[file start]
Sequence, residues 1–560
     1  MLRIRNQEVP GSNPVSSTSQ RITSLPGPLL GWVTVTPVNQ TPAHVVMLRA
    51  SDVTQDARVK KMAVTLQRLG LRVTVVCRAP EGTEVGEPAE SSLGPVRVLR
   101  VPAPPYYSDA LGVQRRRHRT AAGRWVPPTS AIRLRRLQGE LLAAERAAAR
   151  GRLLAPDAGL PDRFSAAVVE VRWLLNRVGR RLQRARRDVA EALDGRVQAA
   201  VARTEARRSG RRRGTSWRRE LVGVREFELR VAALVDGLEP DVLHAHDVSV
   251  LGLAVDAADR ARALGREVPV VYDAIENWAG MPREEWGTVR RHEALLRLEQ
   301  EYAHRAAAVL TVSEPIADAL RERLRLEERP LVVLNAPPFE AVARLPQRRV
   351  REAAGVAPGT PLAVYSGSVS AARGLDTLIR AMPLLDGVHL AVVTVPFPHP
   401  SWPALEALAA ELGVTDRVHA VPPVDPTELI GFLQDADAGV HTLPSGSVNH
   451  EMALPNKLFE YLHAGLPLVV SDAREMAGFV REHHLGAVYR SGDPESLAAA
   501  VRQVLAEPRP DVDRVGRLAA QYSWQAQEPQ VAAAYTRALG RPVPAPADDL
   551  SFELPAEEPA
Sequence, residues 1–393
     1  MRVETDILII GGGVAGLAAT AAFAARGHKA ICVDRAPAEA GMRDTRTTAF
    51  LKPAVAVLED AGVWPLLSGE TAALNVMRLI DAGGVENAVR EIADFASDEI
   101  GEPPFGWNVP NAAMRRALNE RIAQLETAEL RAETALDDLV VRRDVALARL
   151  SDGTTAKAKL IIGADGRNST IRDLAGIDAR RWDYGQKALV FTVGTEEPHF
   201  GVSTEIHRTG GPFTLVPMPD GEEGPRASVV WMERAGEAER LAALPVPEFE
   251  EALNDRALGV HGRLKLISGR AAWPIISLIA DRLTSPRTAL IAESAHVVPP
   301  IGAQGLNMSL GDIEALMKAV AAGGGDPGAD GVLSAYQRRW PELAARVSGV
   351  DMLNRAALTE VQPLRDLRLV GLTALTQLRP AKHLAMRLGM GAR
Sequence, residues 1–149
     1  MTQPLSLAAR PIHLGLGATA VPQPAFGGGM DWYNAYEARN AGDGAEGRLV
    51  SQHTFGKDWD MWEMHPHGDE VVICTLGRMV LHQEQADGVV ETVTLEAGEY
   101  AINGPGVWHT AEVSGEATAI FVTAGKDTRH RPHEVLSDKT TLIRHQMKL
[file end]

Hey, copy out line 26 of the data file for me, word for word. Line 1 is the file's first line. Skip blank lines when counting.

   101  AINGPGVWHT AEVSGEATAI FVTAGKDTRH RPHEVLSDKT TLIRHQMKL